A 90s gem with a cult following, Hook has no shortage of star power. With Dustin Hoffman as Captain Hook, Robin Williams as Peter Pan and Julia Roberts as Tinker Bell – not to mention other supporting roles filled by Bob Hoskins and Maggie Smith – this Steven Spielberg family classic is a truly star-studded affair.
But it may surprise you to learn that there was another famous face hidden amongst the cast: Glenn Close, who made her name with leading roles in Fatal Attraction (1987) and Dangerous Liaisons (1988). In Hook, Close makes a very brief cameo as Gutless, one of Captain Hook’s male pirate cronies.
Close was brought to the set of the swashbuckling Steven Spielberg adventure by her friendship with the movie’s star, Robin Williams. “I had visited the set of Hook because Robin Williams was a friend of mine, and took along my little girl, Annie, who was about three years old,” Close would later recall to The Scotsman. “And when we got there, Steven Spielberg said, do you want to be a pirate? And I said sure.”
For her role as a salty sea dog, Close was given a deep, sunburnt-red tan, a false beard and a matching grey hairpiece and wiry eyebrows. Close’s resulting outfit was so convincing that it attracted some flirtatious attention on the set.
“I got a beard and costume, and the script girl came on to me,” Close remembered. “She thought I was a man. In fact nobody guessed I was a woman for three days. I’m pretty proud of that.”
Close’s character, credited as ‘Gutless’, appears alongside Williams’ grown-up Peter, disguised as an eyepatched pirate on Hook’s ship. Hook picks Gutless out of a gathered crowd of his pirates, saying: “You bet against me bringing Pan back here, didn’t ya?”
“No,” Gutless replies. “Tell your captain the truth,” Hook demands, at which Gutless starts to cry. “Awww… say it… say it,” Hook says, “… yes… you made a boo boo…” Gutless is then dragged away to the ‘boo box’, a chest large enough for a human, and trapped inside with scorpions.
Even if you didn’t recognise Close, this scene will probably stick with you. Many have noted the sheer dread of this scene, in which the torture is hinted at but never seen directly. Collider writer Allie Gemmill described it as a “vision of claustrophobic terror.”
Hook was released on December 11, 1991, and was met with mixed reviews. Critics praised the performances by Robin Williams and Dustin Hoffman, as well as the sweeping musical score by John Williams.
They were less sure, however, about the movie’s strangely menacing tone, which often made it less suitable for younger children. Nevertheless, Hook earned five Academy Award nominations and grossed over $300 million at the box office.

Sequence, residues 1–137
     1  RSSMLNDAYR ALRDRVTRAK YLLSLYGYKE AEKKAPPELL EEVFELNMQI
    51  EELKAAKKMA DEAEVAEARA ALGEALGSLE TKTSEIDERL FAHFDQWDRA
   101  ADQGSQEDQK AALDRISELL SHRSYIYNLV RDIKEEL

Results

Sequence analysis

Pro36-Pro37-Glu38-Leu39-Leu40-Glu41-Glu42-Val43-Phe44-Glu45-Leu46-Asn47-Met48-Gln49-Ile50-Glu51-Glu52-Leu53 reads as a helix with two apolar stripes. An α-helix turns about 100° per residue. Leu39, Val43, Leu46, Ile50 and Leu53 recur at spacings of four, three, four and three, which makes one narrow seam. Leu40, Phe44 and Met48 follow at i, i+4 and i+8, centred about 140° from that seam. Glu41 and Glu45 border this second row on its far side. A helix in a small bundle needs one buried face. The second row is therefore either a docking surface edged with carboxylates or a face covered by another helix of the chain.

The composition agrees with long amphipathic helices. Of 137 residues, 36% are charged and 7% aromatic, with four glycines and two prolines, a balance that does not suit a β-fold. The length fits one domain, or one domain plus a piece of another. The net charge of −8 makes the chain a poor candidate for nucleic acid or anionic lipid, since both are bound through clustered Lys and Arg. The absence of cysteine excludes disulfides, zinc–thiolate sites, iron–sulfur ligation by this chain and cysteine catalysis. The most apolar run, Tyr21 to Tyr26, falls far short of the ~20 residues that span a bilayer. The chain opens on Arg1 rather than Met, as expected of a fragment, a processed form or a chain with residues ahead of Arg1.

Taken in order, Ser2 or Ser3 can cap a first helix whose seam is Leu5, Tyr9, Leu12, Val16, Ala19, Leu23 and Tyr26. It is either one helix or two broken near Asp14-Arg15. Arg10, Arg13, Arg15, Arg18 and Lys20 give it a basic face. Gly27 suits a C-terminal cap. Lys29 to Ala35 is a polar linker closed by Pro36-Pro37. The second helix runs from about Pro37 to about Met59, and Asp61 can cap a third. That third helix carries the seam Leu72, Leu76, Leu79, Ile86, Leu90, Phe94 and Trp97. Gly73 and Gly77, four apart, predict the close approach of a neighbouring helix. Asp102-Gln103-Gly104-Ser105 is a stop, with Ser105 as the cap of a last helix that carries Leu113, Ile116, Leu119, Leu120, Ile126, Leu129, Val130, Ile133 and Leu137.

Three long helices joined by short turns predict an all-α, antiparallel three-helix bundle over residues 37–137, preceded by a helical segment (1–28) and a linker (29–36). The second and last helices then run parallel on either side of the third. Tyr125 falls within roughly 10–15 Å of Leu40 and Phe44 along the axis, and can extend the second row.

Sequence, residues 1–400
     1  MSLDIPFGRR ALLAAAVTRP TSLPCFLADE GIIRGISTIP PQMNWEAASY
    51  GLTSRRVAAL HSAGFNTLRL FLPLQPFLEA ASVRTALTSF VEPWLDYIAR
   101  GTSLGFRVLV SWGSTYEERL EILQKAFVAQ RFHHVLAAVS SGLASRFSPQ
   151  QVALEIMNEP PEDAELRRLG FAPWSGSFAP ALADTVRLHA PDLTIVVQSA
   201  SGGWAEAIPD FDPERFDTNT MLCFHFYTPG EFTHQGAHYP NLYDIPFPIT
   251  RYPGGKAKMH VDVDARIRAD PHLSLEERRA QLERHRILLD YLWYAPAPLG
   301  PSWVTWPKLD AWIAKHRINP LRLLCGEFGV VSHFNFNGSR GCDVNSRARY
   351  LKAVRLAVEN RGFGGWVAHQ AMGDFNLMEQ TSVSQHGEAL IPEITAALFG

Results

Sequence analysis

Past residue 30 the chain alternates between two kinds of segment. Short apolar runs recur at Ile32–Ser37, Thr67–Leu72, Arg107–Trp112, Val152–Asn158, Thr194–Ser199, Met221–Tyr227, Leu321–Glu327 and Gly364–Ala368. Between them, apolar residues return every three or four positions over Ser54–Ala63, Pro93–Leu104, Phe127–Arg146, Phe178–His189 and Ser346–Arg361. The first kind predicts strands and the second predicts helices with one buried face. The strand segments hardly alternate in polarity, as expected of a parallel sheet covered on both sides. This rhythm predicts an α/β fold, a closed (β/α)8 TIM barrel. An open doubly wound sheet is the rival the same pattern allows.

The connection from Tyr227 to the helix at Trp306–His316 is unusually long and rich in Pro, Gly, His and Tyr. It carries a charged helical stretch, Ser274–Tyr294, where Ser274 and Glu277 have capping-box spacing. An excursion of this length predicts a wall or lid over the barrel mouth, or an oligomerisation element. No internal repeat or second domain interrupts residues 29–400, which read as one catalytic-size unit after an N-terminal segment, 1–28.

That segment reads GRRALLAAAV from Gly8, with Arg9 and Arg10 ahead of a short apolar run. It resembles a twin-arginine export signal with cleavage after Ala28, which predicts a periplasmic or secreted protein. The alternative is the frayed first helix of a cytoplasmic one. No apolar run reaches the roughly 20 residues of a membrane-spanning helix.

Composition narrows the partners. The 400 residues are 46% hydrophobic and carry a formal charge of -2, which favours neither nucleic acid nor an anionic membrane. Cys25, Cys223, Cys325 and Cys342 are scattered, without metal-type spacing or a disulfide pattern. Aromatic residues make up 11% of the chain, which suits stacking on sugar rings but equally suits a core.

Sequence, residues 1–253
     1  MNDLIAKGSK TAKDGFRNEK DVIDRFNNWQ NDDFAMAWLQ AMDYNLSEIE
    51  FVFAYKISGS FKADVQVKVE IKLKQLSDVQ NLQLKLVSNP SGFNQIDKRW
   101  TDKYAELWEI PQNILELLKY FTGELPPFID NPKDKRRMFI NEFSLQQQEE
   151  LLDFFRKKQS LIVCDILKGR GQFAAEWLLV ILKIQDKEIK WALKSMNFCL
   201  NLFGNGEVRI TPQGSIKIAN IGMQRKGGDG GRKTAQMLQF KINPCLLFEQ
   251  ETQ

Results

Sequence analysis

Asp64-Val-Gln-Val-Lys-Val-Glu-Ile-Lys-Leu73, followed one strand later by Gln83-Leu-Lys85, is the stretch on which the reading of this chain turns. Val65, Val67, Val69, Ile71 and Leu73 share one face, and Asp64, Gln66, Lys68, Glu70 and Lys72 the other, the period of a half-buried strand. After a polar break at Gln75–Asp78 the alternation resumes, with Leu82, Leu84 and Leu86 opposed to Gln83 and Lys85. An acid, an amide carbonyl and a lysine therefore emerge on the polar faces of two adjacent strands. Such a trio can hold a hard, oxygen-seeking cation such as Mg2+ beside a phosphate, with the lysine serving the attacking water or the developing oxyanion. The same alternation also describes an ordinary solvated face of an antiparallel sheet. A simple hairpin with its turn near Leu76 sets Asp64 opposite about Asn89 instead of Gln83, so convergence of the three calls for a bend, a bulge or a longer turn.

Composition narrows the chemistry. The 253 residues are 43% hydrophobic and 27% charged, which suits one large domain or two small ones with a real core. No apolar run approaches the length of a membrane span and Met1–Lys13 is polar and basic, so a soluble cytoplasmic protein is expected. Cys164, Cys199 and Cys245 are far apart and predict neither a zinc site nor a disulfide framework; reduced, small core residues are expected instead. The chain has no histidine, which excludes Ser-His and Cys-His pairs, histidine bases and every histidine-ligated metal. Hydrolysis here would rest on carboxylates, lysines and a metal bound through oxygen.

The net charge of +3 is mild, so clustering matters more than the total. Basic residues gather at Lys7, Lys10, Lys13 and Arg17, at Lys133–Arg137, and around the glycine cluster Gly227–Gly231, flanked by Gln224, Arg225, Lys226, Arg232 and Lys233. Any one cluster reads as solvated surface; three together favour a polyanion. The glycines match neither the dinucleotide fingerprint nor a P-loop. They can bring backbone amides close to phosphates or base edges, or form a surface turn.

Glenn Close isn’t the only Hook cameo that might catch your eye. The pirate crew also consists of the late folk-rock legend David Crosby, singer-songwriter Jimmy Buffett and boxer Tony Burton.
Nor are the celebrity cameos limited to pirate roles: rock star and sometime actor Phil Collins also makes a brief appearance as a police detective. In addition, Hook boasts an early appearance from a young Gwyneth Paltrow – Spielberg’s goddaughter – as the young Wendy Darling.
There’s even a cameo from Spielberg’s old friend and Indiana Jones collaborator George Lucas, alongside the late Star Wars leading lady Carrie Fisher: the actress and filmmaker portray the couple kissing on the bridge in London while fairy dust falls on them. However, given the distance of the shot, you’d have to be truly eagle-eyed to recognise them.
Although Hook has plenty of fans, Steven Spielberg isn’t one of them. The director remarked in a 2013 interview with Mark Kermode, “I still don’t like that movie. I’m hoping some day I’ll see it again and perhaps like some of it.”
Spielberg elaborated in 2018, “I felt like a fish out of water making Hook… I didn’t have confidence in the script. I had confidence in the first act and I had confidence in the epilogue. I didn’t have confidence in the body of it.” Happily, Spielberg bounced back in a big way with two of his greatest films in 1993: mega-blockbuster Jurassic Park, and acclaimed multi-Oscar-winner Schindler’s List.
Although the role of Gutless didn’t lead to any Hook sequels, Glenn Close clearly has a talent for experimenting with gender. In 2011, she took the title role in Albert Nobbs, portraying a masculine-presenting Victorian character.
This performance earned Close her sixth of her eight Oscar nominations. Sadly, she has still yet to land a single Academy Award, giving her the record for the most nominations without a single win.